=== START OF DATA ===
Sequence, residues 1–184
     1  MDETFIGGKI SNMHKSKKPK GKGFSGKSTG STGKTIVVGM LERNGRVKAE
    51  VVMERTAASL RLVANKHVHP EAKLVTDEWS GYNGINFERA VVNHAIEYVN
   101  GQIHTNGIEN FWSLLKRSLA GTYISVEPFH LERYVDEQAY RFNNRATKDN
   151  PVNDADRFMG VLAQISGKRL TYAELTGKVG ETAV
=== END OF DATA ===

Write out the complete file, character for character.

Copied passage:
Sequence, residues 1–184
     1  MDETFIGGKI SNMHKSKKPK GKGFSGKSTG STGKTIVVGM LERNGRVKAE
    51  VVMERTAASL RLVANKHVHP EAKLVTDEWS GYNGINFERA VVNHAIEYVN
   101  GQIHTNGIEN FWSLLKRSLA GTYISVEPFH LERYVDEQAY RFNNRATKDN
   151  PVNDADRFMG VLAQISGKRL TYAELTGKVG ETAV